DT –   You pay him on the basis of his wage at the time of the entitlement accruing.

C2 –    Okay, so he was on, like when he’s just finished up, he was on a large sum where 10 years ago he was only $400 a week.

DT –   Yep.

C2 –    So we’ve got to pay him what it is now.

DT –   That’s, and it goes both ways, and I’ve had somebody who’d been there a long long time, who’d been there 30 years and in the year or two before retirement had decided to go down to part-time so that he could look after the grand kids. And the reverse happened to them. Sort of a, bit of a swings and round abouts generally, but it does mean that you look. There are two independent things, if you’ve got the qualifying period of service you then look at the salary over that, the previous period, and there are some formulas in the act but it’s basically looking at what they’re earned over the previous 12 months.

C2 –    Okay.

C –      Good on you Rebecca, thank you. This is an interesting one, I was just looking at the calendar today and I noticed that today being the 4 March is the 12th year anniversary of Alan Jones, Ray Hadley and myself being on air. Now do I have as a contracted employee, do I have long service leave?

DT –   Yes, you..

C –      Even if it’s not in the contract?

DT –   As an employee as opposed to a contractor you’ve got an entitlement to long service leave.  And they wouldn’t apply to you. There are few situations where that’s not the case once you’ve hit 10 years.

C –      So how many now? After 12 years how many do I get David?

DT –   You get 2 months.

C –      Okay, SEE YA LATER! I’m coming with ya! I was just looking at that today and I don’t think Jonesy knows it, and I certainly don’t think Ray knows but today is the day that Alan and Ray and myself began on these shifts.

DT –   Did you all start on the same day?

C –      No, no, Ray was on breakfast, I was on afternoons and then Ray moved to mornings and then Alan got into breakfast and that was today the 4th of March. So it’s 12 years and I was just thinking, 12 years, that’s a long time to work in one place and do I get long service leave and I don’t think I’ve, it’s even mentioned in any of the contracts.

DT –   No, it doesn’t need to be. I don’t think.

C –      It doesn’t need to be?

DT –   I don’t think you’d all want to take it at the same time, or else the station may be in some trouble.

C –      Okay, lets talk about overtime. Craig go right ahead.

C3 –    Yes, G’day. I just got in my contract that I must do a reasonable amount of overtime. Now I do a reasonable amount of overtime as far as I’m concerned, but what is a reasonable amount of overtime?

C –      Spot on!

DT –   How longs a piece of string?

C –      Yes

DT –   It’s, that’s a very common formulation indeed. It’s in the Fair Work Act as well, it depends a bit on the industry, the amount you earn, the amount you earn above the award, the, what would be the normal expectations. So, what’s normal in hospitality, for say a chef, is very different for to what would be normal for somebody working in a shop, and again would be very different for somebody working in an office. What sort of industry are you in?

C3 –    I’m a truck driver.

DT –  Er, if, I would have thought reasonable overtime’s things that arise because of a delay in deliveries, or because there are events that are beyond the employer’s control.

C –      But awfully subjective.

DT –   But, if they’re regularly saying, well instead of doing this you’re going to work 3 or 4 hours a day or a number of occasions a week. I’m not sure that’s reasonable.

C3 –    Yes, well basically I do near 4 hours a day overtime, but they’re saying that I’ve also got to work weekends.

C –      4 hours a day overtime?! And even that in itself irrespective of what they’re asking you to do on the weekends wouldn’t be regarded as reasonable.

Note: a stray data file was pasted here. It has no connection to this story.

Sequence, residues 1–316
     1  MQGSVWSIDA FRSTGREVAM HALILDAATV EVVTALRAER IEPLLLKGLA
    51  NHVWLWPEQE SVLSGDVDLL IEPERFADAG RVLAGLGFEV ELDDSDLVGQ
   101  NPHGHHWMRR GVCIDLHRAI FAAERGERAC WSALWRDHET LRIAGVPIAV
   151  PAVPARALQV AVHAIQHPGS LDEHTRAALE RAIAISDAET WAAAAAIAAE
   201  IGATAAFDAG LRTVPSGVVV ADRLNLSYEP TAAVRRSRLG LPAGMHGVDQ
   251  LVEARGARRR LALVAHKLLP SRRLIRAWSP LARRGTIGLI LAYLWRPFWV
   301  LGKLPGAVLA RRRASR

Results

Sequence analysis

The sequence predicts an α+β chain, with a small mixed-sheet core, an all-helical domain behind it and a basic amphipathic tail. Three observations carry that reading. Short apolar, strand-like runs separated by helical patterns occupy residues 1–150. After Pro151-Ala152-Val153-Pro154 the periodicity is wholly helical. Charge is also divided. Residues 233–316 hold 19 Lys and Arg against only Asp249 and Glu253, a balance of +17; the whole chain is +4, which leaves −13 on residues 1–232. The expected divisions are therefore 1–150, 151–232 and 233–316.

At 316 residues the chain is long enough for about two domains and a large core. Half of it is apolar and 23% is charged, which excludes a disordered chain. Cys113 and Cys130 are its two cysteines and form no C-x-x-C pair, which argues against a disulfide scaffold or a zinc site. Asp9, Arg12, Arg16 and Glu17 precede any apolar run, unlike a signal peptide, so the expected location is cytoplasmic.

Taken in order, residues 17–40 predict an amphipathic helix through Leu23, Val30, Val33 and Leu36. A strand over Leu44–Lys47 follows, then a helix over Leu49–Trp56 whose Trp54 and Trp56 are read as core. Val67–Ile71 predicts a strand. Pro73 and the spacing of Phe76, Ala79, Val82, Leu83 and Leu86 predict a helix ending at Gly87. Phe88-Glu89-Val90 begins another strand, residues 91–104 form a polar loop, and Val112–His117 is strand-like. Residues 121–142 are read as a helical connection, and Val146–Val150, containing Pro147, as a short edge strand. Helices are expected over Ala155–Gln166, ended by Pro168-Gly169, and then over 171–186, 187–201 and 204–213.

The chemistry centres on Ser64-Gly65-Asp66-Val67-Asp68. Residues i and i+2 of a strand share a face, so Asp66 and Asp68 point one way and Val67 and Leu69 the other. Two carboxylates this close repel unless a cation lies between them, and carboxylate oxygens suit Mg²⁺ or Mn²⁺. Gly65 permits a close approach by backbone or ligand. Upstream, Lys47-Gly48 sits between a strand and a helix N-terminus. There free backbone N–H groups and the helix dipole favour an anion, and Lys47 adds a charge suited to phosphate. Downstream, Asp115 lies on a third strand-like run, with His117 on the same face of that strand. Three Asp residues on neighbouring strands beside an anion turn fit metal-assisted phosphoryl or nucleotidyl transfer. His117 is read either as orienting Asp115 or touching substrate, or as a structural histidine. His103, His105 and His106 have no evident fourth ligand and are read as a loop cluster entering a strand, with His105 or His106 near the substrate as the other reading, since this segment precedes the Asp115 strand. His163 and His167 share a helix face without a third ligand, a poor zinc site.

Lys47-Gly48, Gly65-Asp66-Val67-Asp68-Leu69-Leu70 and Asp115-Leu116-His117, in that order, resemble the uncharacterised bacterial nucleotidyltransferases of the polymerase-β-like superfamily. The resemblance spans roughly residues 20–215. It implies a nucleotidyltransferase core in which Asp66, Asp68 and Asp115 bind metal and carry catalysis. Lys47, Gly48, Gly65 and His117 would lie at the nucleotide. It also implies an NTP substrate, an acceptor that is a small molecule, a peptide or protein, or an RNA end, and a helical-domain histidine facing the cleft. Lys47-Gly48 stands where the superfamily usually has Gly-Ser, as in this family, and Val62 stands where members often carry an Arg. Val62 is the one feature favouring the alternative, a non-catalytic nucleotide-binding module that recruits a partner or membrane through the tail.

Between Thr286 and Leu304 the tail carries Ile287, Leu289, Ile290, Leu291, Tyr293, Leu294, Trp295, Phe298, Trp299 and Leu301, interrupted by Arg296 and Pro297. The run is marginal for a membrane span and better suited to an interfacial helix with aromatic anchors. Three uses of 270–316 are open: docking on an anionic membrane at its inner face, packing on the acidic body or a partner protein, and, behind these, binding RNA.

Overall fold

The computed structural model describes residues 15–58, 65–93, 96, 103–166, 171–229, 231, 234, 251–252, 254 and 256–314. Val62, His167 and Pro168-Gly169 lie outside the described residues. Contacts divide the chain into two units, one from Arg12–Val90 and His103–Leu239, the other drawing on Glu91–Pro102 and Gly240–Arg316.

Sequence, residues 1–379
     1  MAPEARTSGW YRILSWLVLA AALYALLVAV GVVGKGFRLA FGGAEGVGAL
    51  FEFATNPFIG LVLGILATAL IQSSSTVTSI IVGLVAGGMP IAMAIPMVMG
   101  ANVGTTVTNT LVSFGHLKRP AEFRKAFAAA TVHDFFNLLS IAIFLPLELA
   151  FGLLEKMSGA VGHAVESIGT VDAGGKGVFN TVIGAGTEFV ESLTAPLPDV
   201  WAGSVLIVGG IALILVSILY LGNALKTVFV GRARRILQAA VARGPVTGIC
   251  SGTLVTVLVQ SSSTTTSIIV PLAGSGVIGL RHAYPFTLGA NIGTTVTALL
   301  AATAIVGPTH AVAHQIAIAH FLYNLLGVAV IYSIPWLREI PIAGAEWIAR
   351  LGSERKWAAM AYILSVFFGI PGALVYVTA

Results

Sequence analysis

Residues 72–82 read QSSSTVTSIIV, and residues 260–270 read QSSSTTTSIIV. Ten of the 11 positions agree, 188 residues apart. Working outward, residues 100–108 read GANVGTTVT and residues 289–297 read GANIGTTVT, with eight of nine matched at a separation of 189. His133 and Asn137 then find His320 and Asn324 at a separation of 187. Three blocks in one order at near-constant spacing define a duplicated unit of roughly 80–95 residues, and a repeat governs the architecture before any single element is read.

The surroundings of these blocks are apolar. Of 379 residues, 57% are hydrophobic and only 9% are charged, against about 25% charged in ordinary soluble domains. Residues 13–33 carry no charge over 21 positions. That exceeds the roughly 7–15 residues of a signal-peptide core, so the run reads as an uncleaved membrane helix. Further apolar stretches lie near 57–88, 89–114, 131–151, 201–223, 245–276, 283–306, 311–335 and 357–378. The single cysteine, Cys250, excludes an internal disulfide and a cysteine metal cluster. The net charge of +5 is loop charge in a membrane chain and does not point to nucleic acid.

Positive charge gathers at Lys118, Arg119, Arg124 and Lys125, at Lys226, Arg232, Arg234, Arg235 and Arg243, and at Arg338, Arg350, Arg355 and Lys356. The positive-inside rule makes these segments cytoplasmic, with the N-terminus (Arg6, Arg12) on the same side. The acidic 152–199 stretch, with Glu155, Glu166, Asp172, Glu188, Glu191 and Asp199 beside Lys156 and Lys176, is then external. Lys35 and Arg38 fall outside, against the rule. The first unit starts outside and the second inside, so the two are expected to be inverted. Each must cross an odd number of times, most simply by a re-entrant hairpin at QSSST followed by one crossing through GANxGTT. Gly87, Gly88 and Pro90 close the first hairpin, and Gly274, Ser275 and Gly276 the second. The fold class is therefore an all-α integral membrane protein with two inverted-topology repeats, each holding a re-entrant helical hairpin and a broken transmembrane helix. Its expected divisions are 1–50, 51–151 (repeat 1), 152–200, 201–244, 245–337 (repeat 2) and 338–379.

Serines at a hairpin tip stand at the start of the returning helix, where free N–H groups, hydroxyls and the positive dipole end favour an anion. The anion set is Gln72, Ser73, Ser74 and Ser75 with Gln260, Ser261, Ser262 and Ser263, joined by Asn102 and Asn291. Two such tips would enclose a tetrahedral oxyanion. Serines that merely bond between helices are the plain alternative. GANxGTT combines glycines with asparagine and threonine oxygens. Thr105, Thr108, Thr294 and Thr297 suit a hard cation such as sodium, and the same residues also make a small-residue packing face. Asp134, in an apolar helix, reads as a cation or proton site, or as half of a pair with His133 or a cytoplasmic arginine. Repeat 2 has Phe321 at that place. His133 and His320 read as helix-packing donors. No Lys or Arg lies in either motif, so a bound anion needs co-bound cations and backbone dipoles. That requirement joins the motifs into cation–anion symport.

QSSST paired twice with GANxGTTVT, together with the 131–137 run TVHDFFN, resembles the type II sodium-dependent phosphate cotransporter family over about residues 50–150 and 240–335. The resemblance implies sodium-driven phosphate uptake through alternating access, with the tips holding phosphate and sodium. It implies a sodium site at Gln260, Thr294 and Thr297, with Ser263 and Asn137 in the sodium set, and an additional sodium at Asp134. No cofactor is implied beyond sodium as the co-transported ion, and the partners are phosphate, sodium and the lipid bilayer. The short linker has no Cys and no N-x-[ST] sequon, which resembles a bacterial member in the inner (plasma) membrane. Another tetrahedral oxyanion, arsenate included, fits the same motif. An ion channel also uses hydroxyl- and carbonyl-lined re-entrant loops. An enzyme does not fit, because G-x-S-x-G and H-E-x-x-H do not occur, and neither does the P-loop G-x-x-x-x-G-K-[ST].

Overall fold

DT –   That doesn’t sound like reasonable to me. There’s, are you a full time employee, 38 hours a week?

C3 –    Yes I am.

DT –   There is also a provision in the Fair Work Act and the National Employment Standards which provides that a normal full time worker will do 38 hours and then it does talk about reasonable additional overtime hours. If your regularly being required to work 12 hours a day then they’re likely in breach of that provision as well.

C –      Good on your Craig I got to run, thank you, 131873 Cathy go right ahead.

C4 –    Hi, I just want to confirm what you just said about the redundancies. I’ve just been handed a redundancy package, my jobs transitional offshore, but they told me that it’s based on my part time hours as well as my full time hours. That it gets pro rated as to what you worked at. Like I’m finishing at the end of this month but my, they take into account that half that time was part time.

DT –   Redundancies, periods of service for redundancy are different for periods of service for long service leave. So I’m not sure, is there a calculation for a long service leave entitlement in there?

C4 –    Yes there is.

DT –   Have they done the same thing there?

C4 –    Ummm, long service leave, oh I don’t understand, I’ve actually got to call in for someone to speak to me about it. But they’ve also got something about, umm, in here that says, umm where is it, ex gratia. Do you know what that means?

DT –   Ex gratia, that just means a payment in excess of what they’re obliged to pay you.

C4 –    Yes that’s why I think they’ve taken that amount out, as for part time hours.

DT –   Well, it’s not uncommon for redundancy entitlements and for calculations of service to pro rate periods of part time and full time when your doing the redundancy payment. Ex gratia payments are not uncommon as well and they would generally also involve you having to sign a deed which says that you won’t bring any claim against them.

C4 –    Oh okay, okay thank you.

C –      Alright Cathy thank you. Just in terms of redundancy which she has rung about. These are very flexible, more flexible than long service leave aren’t they, those packages.

DT –   Yes, well there is no high point of what can be offered so..

C –      Right okay.

DT –   An employer if they want to get rid of people can offer up to what it wants to offer. There are some limits on the beneficial tax but there’s no high point. There are minimums and the Fair Work Act contains minimum numbers of weeks which umm, lead, if you’ve been there for 10 years you get 12 weeks pay on a redundancy so.

C –      Okay.

DT –   They’re quite, umm, they’re not particularly generous redundancy packages. A lot of people who work for big employers will have significantly more generous redundancy packages.

C –      Okay, fantastic.  Thank you once again David you’ve been a, well a well of knowledge and wisdom.  Thank you.

DT –   Thank you for having me.

C –      Good on you, David Taylor from Turner Freeman Lawyers our  sponsor of our Legal Matters segment.